United States District Court, D. Idaho
MEMORANDUM DECISION AND ORDER
Lynn Winmill Chief Judge.
the Court are Plaintiff's renewed Motion for Appointment
of Counsel (Dkt. 53), his Motion for Summary Judgment (Dkt.
55), and his Motion to Appear by Phone at the January 29,
2018 pretrial conference (Dkt. 57). Defendants, for their
part, have file a Motion to Strike Plaintiff's Late Filed
Motion for Summary Judgment (Dkt. 59).
reasons explained below, the Court will grant defendants'
motion to strike and deny plaintiff's late-filed motion
for summary judgment. The Court will also grant
plaintiff's motion for appointment of counsel and will
deem plaintiff's motion to appear by telephone moot.
August 2015, Plaintiff Blake Edmond Cody sued six Boise City
Police Department Officers, claiming that they used excessive
force against him during a traffic stop. In September 2017,
this Court granted summary judgment in favor of two of the
officers, but denied the remaining defendants' motion for
summary judgment. Trial is scheduled to begin on February 12,
2018. A telephonic pretrial conference is scheduled for
January 29, 2018.
Plaintiff's Motion for Summary Judgment
Court will begin with plaintiff's motion for summary
judgment. This Court has already denied plaintiff's first
motion for summary judgment, which was late-filed in any
event. See Sept. 27, 2017 Memorandum Decision &
Order, Dkt. 51, at 24. Inexplicably, plaintiff has again
filed a substantially identical motion. The Court will
summarily deny this motion and grant the defendants'
motion to strike.
Plaintiff's Motion for Appointment of Counsel
has also filed another request for appointment of counsel.
civil cases, counsel should be appointed only in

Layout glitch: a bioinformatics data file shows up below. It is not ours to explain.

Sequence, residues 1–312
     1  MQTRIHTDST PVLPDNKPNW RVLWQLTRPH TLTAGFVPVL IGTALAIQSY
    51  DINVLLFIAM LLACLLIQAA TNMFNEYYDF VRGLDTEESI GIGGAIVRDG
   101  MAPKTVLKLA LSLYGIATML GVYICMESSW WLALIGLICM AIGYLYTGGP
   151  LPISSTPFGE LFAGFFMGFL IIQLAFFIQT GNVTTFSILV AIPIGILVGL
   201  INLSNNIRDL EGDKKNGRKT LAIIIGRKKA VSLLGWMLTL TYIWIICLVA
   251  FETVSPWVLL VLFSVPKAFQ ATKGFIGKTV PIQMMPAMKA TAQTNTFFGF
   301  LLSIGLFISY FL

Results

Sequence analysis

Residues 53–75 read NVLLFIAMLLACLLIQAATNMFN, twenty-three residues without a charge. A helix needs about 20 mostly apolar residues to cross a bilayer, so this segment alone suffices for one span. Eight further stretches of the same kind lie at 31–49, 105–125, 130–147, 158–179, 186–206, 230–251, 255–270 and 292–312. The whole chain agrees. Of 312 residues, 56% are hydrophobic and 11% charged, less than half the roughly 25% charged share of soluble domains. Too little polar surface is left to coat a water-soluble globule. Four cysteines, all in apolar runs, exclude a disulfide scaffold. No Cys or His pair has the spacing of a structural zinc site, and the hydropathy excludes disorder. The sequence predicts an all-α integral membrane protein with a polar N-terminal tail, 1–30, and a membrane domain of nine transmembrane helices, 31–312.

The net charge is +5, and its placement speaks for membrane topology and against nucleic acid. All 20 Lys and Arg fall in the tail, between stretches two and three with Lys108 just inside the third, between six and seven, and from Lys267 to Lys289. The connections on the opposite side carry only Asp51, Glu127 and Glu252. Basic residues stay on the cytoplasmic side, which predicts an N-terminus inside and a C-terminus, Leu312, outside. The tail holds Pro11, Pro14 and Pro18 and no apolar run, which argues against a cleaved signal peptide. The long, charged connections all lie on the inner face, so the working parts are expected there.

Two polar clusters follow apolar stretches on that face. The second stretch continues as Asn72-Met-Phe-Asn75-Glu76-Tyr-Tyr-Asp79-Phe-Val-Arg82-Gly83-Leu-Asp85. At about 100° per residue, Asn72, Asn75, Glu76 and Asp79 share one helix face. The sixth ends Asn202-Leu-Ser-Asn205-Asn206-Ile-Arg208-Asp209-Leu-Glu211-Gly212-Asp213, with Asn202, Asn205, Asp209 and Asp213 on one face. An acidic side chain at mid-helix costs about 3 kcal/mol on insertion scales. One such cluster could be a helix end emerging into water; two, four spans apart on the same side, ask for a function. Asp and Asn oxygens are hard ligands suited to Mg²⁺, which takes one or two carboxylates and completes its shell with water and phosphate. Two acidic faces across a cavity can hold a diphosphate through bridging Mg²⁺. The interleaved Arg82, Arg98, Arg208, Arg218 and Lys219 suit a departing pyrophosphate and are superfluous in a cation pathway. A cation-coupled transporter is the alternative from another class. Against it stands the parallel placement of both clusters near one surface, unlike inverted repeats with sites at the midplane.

“exceptional circumstances.” Id. To
determine whether exceptional circumstances exist, the court
should evaluate two factors: (1) the likelihood of success on
the merits of the case, and (2) the ability of the plaintiff
to articulate the claims pro se in light of the complexity of
legal issues involved. Terrell v. Brewer, 935 F.2d
1015, 1017 (9th Cir. 1991). Neither factor is dispositive,
and both must be evaluated together. Id.
Court concludes that Plaintiff has demonstrated some
likelihood of success in this litigation and that the
complexity and novelty of the issues - particularly as those
issues will be presented in the context of a trial, as
opposed to in written briefing - support the appointment of
pro bono counsel. The Court has previously denied
plaintiff's similar motions, but litigating an
excessive-force claim at trial is a more difficult, complex
task than litigating such a claim on paper. Accordingly, the
Court will grant the motion, but plaintiff should be aware
that the federal court has no authority to require
attorneys to represent indigent litigants in civil cases
under 28 U.S.C. § 1915(d). See also Mallard v. U.S.
Dist. Court for Southern Dist. of Iowa, 490 U.S. 296,
298 (1989). Rather, when a Court “appoints” an
attorney, it can only do so if the attorney voluntarily
accepts the assignment. Id. The Court has no funds
to pay for attorney's fees in civil matters, such as this
one. Therefore, it is often difficult to find attorneys
willing to work on a case without payment. For these reasons,
plaintiff should attempt to procure his own counsel on a
contingency or other basis, if at all possible. If court
staff is unable to locate pro bono counsel for Plaintiff,
then he will have to proceed pro se.
Plaintiffs' Motion to ...